News on Health Professional Radio. Today is the 19th of December 2017. Read by Tabetha Moreto.

http://www.abc.net.au/news/science/2017-12-18/anonymous-medicare-data-can-identify-patients-researchers-say/9267684

Researchers say they can identify individuals in government healthcare data that was supposed to be anonymous, exposing the private information of people receiving mental health treatment or HIV medication. Published by the federal Department of Health in August two thousand sixteen as part of a move towards open data, the historical information included the medical and pharmaceutical bills of about ten percent of Australians. It was pulled offline last year after experts from the University of Melbourne were able to decrypt or decode a number of doctor ID numbers.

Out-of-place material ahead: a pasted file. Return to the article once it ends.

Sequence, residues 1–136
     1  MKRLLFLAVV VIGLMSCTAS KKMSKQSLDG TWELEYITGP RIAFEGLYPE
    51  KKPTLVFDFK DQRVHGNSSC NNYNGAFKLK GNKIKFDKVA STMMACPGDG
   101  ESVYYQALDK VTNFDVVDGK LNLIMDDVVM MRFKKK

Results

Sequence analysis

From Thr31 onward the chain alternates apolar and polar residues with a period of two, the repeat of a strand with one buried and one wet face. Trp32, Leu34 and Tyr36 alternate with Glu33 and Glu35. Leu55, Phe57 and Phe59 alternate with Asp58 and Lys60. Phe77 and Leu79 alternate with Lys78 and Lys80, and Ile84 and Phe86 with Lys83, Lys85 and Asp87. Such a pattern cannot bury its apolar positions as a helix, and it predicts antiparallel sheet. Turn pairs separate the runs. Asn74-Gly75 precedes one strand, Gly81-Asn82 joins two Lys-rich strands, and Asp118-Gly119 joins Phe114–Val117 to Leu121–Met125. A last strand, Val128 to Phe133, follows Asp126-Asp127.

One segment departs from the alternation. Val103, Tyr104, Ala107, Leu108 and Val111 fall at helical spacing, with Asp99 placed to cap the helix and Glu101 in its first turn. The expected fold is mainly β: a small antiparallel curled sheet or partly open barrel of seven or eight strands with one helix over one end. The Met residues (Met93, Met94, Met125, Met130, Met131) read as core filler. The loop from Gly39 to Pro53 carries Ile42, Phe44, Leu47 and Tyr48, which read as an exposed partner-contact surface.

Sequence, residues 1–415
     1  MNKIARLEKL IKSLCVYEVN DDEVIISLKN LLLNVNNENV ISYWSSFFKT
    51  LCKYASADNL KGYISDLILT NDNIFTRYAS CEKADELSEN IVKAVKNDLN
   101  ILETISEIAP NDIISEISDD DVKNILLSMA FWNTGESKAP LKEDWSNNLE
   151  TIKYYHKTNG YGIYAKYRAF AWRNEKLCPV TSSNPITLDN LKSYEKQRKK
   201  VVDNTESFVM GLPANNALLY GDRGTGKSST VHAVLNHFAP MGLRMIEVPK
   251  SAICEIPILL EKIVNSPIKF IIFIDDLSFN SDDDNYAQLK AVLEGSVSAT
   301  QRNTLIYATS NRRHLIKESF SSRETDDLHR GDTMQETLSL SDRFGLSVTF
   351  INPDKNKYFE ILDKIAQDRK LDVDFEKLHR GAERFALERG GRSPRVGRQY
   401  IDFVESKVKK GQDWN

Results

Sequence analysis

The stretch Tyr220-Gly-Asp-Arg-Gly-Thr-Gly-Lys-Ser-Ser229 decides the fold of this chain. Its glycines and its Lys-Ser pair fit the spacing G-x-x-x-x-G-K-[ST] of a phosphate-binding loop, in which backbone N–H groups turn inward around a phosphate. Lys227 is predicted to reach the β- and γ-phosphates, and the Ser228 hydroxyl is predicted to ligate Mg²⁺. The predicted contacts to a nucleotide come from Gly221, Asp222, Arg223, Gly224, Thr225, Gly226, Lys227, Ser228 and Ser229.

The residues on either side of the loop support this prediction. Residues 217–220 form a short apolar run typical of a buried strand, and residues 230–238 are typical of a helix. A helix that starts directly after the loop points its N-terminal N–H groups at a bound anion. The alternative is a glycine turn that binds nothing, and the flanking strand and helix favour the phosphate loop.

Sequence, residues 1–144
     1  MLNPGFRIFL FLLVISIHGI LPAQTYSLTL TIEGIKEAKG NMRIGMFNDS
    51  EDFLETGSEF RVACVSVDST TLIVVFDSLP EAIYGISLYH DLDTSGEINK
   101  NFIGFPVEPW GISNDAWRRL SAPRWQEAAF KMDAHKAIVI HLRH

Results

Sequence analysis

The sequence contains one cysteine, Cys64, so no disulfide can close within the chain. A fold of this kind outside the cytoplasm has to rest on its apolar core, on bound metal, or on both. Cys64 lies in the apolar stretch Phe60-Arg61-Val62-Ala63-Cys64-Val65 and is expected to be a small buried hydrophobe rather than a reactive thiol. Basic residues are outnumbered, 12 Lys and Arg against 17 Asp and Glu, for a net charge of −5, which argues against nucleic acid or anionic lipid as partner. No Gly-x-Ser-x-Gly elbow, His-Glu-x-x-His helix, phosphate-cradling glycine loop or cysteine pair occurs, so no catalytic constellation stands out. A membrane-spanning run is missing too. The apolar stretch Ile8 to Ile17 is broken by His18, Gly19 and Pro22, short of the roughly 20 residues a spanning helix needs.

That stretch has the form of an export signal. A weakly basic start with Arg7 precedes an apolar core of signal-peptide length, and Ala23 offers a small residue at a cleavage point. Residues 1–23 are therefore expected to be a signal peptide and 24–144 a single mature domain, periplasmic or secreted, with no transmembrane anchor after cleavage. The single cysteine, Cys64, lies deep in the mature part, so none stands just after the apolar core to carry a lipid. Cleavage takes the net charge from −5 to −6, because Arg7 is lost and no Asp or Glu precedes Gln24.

In a new report, the Melbourne team describe how they were able to use information easily available on the internet to possibly identify seven famous Australians within the same dataset, without figuring out their patient ID numbers. The report’s co-author Doctor Vanessa Teague said being able to expose this kind of patient data could be significant for those with stigmatising or chronic illness.
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A Department of Health spokesperson said the matter had already been referred to the Privacy Commissioner, who is investigating, and the department had taken steps to improve its processes. Even though the Department of Health removed names and took other steps to ensure the dataset was anonymous, the researchers were able to identify individual patients using the type of information people might share on Facebook: gender, birth year, state and health events.